Osteoporosis International

, Volume 17, Issue 11, pp 1653–1658

Racial disparity in treatment of osteoporosis after diagnosis

Original Article

DOI: 10.1007/s00198-006-0178-y

Cite this article as:
Hamrick, I., Whetstone, L.M. & Cummings, D.M. Osteoporos Int (2006) 17: 1653. doi:10.1007/s00198-006-0178-y



Racial disparities have been identified in a number of areas in clinical medicine. Patients diagnosed with osteoporosis should be treated similarly regardless of race. However, limited data are available on the relative frequency of treatment by race after diagnosis of osteoporosis.


We analyzed all 739 dual-energy X-ray absorptiometry (DXA) results obtained of women 50  years old and older between 1998 and 2002 at our medical center. Our study sample was 82% Caucasian and 15% African American. Of 353 women who had low bone mineral density on first DXA, we abstracted the electronic and paper medical records to compare treatment rates by race.


Of the women diagnosed with osteoporosis or osteopenia, 80.0% and 68.3%, respectively, were started on antiresorptive medications. Of the African American women, 61.9% diagnosed with osteoporosis were started on antiresorptive treatment compared with 83.3% of Caucasian women (p<0.05). African American women with low bone mass were less likely than Caucasian women to be smokers (p<0.05) and use alcohol (p<0.01) but were more likely to be on corticosteroids (p<0.05). No other significant differences were found among treated and nontreated groups that might explain the disparity in treatment.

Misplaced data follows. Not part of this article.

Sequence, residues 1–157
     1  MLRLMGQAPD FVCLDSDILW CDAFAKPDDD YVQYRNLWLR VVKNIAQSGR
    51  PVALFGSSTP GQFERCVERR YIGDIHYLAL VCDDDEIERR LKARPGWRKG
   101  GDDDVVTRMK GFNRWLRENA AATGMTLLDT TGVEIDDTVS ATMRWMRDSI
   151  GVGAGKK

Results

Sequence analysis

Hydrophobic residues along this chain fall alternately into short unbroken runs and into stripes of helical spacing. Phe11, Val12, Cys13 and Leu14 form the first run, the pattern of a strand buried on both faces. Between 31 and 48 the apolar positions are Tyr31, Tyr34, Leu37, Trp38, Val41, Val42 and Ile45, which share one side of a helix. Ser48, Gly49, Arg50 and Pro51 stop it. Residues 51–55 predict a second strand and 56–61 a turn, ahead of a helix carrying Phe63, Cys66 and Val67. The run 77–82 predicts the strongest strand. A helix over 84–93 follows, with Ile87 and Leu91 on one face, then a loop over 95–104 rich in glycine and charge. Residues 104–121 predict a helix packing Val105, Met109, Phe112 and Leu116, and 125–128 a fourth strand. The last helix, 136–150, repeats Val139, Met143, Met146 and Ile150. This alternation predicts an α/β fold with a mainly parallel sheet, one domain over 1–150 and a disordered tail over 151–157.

A smaller proportion of African American than Caucasian women with osteoporosis received antiresorptive medications after a DXA diagnosis. This significant disparity requires further study in a larger population.


African American Bisphosphonates DXA Health disparities Osteoporosis Osteoporosis treatment 

Copyright information

© International Osteoporosis Foundation and National Osteoporosis Foundation 2006

Authors and Affiliations

  1. 1.Brody School of MedicineEast Carolina UniversityGreenvilleUSA